PREPS ’94 : Dating Game : Successful Programs Having an Increasingly Hard Time Filling Up Their Schedules


Most coaches wouldn’t mind their dilemma.

While Los Alamitos and Esperanza have experienced great success recently--winning or sharing a Southern Section football championship the past four seasons--they also have endured losses, even before they reach the playing field.

They’re losing quality nonleague opponents, as the number of teams willing to take on the two titans has been dwindling.

“Our phone doesn’t ring off the hook with teams trying to schedule us,” Esperanza Coach Gary Meek said.


Valencia, which has won two section championships in the past three seasons, has similar problems.

“Because of our success,” Tiger Coach Mike Marrujo said, “some teams have dropped us from their schedules.”

Esperanza, Irvine, Los Alamitos, Mater Dei and Valencia have combined to win 10 section championships and 81% of their games in the past five seasons. Nine of those 10 championships have come in the past three seasons, when the schools have won nearly 90% of their games.

So it’s no wonder many teams shy away from these powerhouse programs.


“I guess it’s a nice problem to have,” Los Alamitos Coach John Barnes said laughing.

But if strong teams have problems finding opponents, why don’t they play each other?

“That’s how it works sometimes,” Meek said. “Last season, we couldn’t find a first game. Irvine had the same problem where they were stuck in a situation with no one to play.”

In last season’s opener, Irvine upset Esperanza, then-ranked fourth in the county, 35-14. It was an indication of things to come for Irvine as the Vaqueros won 12 of their next 13 games to win its third consecutive section championship.


Though Esperanza won’t be playing Irvine this season, the Aztecs will play Mater Dei on Sept. 16. The Aztecs upset Mater Dei, then-ranked No. 1 in the county, 33-7, in a nonleague game last season.

The Monarchs also will play Irvine on Sept. 29. But that’s the only other meeting between any of the five county powers in a nonleague game.

Los Alamitos, which enters the season with a 35-game unbeaten streak, faces only one Orange County opponent on its nonleague schedule: Kennedy, the Garden Grove League champion last season, on Sept. 9.

The Griffins will get stern out-of-county tests from Carson, the defending City Section 4-A champion, on Sept. 22 and Pasadena Muir, which is ranked in the Top 25 of one national high school preseason poll, on Sept. 29.


“Personally, I don’t think the top teams in the county play each other enough,” Irvine Coach Terry Henigan said. “But one of the big reasons they don’t is that no team wants to get beat up before the stuff that counts, the league games.”

Said Barnes: “As a football fan, I’d love to see more of those games, too. But if your team is any good, you’ll be playing those top teams in the playoffs anyway.

“We’ve tried to set up what we thought would be attractive matchups, but we’ve been turned down a number of times. However, I feel every coach has the right to set up his schedule in whatever manner he feels is right for his program and his school, period.”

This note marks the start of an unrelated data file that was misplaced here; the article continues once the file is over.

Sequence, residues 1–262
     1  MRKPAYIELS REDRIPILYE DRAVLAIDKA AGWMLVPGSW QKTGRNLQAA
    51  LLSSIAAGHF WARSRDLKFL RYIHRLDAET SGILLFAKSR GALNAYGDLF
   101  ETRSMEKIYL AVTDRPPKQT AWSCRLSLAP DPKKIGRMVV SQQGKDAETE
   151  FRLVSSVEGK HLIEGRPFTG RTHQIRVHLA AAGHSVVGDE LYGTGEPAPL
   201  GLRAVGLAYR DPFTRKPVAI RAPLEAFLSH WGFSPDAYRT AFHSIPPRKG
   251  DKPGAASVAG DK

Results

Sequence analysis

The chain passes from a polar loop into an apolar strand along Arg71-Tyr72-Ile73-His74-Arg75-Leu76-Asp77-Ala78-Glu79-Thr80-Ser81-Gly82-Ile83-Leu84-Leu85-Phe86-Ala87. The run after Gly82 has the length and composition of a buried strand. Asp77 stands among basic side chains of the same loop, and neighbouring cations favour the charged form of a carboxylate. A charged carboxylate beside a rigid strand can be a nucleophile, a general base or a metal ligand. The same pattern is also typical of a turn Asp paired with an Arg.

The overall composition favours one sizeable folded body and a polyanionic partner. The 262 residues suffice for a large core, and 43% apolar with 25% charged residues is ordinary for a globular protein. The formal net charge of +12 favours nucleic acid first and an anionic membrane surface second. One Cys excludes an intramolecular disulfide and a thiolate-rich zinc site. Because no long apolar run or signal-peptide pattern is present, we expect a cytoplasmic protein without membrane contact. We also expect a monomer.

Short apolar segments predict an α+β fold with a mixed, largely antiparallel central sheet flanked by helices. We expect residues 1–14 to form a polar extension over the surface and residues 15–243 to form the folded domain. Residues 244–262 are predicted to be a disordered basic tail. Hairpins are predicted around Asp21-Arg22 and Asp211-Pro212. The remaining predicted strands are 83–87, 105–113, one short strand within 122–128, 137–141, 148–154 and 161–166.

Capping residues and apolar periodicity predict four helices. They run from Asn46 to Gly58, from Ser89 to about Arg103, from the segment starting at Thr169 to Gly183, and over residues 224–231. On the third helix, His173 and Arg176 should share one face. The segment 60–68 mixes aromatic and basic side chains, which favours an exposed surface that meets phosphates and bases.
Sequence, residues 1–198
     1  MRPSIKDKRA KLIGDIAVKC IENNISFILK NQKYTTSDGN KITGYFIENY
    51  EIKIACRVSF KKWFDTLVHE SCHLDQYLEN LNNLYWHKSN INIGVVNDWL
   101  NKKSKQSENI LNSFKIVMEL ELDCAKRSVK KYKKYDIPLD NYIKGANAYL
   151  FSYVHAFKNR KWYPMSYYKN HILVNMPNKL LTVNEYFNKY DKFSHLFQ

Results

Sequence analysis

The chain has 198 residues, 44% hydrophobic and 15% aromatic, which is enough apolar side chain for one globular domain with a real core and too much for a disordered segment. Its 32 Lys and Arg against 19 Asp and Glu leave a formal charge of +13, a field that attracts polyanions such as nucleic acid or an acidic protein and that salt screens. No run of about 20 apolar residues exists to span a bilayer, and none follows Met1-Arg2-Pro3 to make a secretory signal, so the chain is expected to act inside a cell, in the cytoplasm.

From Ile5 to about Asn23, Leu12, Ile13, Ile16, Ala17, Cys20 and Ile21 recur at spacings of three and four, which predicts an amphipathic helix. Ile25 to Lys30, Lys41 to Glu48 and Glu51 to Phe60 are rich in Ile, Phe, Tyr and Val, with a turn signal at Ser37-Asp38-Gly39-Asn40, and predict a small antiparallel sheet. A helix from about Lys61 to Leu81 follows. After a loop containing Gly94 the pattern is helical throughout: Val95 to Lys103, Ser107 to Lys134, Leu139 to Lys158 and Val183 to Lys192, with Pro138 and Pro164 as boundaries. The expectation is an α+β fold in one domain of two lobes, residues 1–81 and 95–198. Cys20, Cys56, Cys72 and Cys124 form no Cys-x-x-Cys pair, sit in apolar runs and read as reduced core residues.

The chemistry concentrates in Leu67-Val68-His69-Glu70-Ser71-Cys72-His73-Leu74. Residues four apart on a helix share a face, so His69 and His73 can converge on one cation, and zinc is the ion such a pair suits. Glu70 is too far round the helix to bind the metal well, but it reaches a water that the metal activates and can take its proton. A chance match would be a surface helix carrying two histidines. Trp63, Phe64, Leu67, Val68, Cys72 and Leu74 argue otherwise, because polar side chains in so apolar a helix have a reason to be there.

Barnes remembers what it was like when he took over at Los Alamitos in 1979.


“If you’re starting with a program that’s been losing, to help turn it around you have to find opponents you feel that you can beat,” he said. “Nothing can replace winning.”

That is something on every coach’s mind.

“Every coach wants to win,” Mater Dei Coach Bruce Rollinson said. “Sure you want to have one or two games to really test your kids, but you don’t want to destroy their morale by going 0-4 heading into league. That’s an awful tough hill to climb.”

Although Esperanza, Irvine, Los Alamitos, Mater Dei and Valencia have enjoyed tremendous success during the past five seasons, they have different approaches to building their nonleague schedules because of various factors.


“Some programs know they’re going to be good, so one or two losses in nonleague play won’t hurt them,” Henigan said. “But there have been times when getting as many wins as possible in the preseason was very important for us.

“I like to play a variety of teams, a good mix of running and passing teams. You like to play well-coached teams, but you don’t want to get in over your head.”

No coach wants his team to sustain injuries in nonleague play. But for Henigan and Marrujo, who coached in divisions IV and VI last season, health is a bigger issue.

“You want to play competitive teams every week and you want to improve, but you can’t get beat up,” Marrujo said. “Especially for schools with lower enrollments. When you only have 35 to 40 players, lose three or four key players early and your season is affected drastically. Division I or II schools might have a little more depth in that area.”


Fear of injury keeps many opponents away from Division I schools such as Esperanza, Los Alamitos and Mater Dei.

“You know if you do beat us, it’s a major feather in your cap,” Rollinson said. “But you’ll be playing against a team that plays a physical brand of football. Some schools will look at that and say they don’t have anything to gain by playing us.

“Sure they might beat us, but a couple of players could get hurt. But then you could say those injuries could happen if you play Sisters of the Poor. It’s a tough call.”

Said Meek: “We’ve played the Mater Deis, Capistrano Valleys and Long Beach Polys, but you don’t want to play five great teams in nonleague play.”


Added Barnes: “You’re dealing with high school kids, and they can’t get emotionally up for every single game. I think there’s a misperception of Los Al that we’re a real physical team that can beat teams up.

“But we’re a finesse team. We have to find other ways to win. Honestly, I go into every game thinking how in the world are we going to beat these guys?”

But for these five schools, the answer appears to be a lot easier to come by.